Review Summary: Beautifully textured and downright cerebral, "Biophilia" sounds just as refreshing as Bjork's best albums.
The new Bjork album, “Biophilia,” is at the forefront of technology. Before the premiere of the actual disc, the Icelandic pop star has ventured into the state-of-the-art area of music distribution process. “Biophilia” has recently been released as a series of 'apps' from Apple. Due to this invention, fans can listen to songs, explore their origins, become acquainted with their meaning and even remix some of them. This digital presentation results in a fully cognitive experience that helps to explore the music more thoroughly than ever before. The whole idea might feel a bit gimmicky at first, but in case of “Biophilia” the use of 'apps' makes perfect sense because of the album's scientific concept.
What matters most of all is the music itself. Bjork resigns from a full-blown, heavily saturated production of “Volta” in favor of a more organic, almost minimalistic approach. This is wonderfully showcased by the album's opening track, “Moon,” where Bjork's magnetic voice smoothly floats over slight, yet whimsical harp to refreshing effect. Indeed, the vocalist seems revitalized delivering one galvanizing performance after another. “Thunderbolt” uses its specially made digital pipe organ as the new host to Bjork's vocals that this time range from beautifully harmonic to almost suffocating in the song's mechanical mantra: “May I, should I, or have I too often? Craving miracles…”
Bjork pushes the boundaries even further in way more flamboyant tracks. “Dark Matter” perfectly captures the feeling of unexplained danger due to its rather mysterious, bizarre vocalization, while “Hollow” feels like a component of some bio-themed electric opera due to operatic vocals and sparse, avant-garde orchestration. The experimentation, which is omnipresent on “Biophilia,” has always been an indispensable facet of Bjork's compositions. Even the most hook-driven song and unsurprisingly lead single, “Crystalline,” astonishes with its no-holds-barred, drum'n'bass climax, which ranks as one of the most jaw-dropping shifts in current pop music.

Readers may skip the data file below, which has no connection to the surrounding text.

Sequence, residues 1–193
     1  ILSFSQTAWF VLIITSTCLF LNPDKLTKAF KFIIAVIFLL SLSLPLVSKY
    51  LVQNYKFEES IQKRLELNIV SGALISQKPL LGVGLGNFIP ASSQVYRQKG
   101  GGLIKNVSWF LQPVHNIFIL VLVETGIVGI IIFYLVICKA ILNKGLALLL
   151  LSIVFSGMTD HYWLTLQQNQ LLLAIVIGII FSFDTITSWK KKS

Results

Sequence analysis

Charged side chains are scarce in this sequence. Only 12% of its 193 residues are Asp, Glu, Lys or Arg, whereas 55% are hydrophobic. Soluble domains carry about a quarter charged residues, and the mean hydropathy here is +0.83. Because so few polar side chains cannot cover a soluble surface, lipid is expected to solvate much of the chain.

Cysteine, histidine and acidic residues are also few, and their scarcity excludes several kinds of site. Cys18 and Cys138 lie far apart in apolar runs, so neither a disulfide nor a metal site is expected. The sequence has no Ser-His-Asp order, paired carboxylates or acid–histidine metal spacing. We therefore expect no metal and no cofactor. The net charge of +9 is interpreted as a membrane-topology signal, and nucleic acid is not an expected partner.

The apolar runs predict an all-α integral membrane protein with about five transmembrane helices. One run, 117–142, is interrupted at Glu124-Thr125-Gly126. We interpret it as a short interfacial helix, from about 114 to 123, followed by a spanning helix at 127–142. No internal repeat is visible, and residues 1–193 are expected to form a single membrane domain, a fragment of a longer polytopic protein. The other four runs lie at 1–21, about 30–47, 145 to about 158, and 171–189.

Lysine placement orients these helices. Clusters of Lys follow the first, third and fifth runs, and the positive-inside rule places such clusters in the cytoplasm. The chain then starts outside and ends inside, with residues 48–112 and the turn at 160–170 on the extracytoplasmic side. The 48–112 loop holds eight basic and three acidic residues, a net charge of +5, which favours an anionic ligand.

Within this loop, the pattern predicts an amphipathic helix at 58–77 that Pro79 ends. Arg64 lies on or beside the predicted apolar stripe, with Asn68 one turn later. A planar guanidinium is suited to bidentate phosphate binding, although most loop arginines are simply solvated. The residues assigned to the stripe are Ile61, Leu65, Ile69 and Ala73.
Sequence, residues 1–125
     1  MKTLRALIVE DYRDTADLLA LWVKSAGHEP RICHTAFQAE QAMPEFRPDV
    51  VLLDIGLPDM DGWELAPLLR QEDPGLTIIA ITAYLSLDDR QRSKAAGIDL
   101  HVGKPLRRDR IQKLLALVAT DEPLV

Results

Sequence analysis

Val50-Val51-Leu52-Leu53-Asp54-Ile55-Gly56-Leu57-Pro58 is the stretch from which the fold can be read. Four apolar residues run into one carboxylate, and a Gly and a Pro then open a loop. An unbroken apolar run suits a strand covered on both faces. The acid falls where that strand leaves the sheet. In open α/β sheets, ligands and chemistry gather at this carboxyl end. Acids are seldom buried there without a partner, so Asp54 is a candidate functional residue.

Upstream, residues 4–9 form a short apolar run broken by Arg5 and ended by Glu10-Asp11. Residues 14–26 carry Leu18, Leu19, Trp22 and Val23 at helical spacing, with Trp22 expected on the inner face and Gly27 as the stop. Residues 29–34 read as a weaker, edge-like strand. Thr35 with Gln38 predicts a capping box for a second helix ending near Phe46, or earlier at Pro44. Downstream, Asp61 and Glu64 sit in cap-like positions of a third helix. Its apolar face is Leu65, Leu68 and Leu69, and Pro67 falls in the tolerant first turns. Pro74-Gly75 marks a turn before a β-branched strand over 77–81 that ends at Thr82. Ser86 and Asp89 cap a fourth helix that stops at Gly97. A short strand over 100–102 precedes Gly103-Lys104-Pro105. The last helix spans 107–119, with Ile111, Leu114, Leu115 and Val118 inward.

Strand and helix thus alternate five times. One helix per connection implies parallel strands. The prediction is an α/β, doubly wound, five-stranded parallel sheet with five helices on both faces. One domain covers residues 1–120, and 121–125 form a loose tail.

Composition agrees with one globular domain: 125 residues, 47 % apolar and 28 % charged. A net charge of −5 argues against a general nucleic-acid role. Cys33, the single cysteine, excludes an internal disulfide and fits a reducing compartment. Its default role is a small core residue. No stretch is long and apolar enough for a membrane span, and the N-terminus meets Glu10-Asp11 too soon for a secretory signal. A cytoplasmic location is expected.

The scientific character of the album allows Bjork to flirt with big concepts that are reflected not only in her evocative lyrics being inspired by literature, nature and technology, but also in carefully designed sound. The soothing framework of “Cosmonogy” serves as an excellent platform for the vocalist to tell the story about the beginning of the universe. Unraveling in an unhurried pace, the track doesn't fall short of its grandiose ambitions making for the quality that's both cerebral and timeless. “Virus” feels just as relaxed making an intriguing comparison between the titular virus and the glow of love, whereas “Mutual Core” takes the archeological concept of tectonic plates and turns it into an anthem about the power of unity and sacrifice.
Every single song from “Biophilia” has its distinct vibe employing a wide array of instruments to create its own aura. Nonetheless, the album is entirely cohesive due to Bjork's overpowering, yet fragile presence. There's no other popular artist who could pull off such an ambitious cosmological concept so well. Bjork just makes the best of it boldly incorporating her style into every segment of this beautifully textured album. Her uniqueness once again remains unmatched.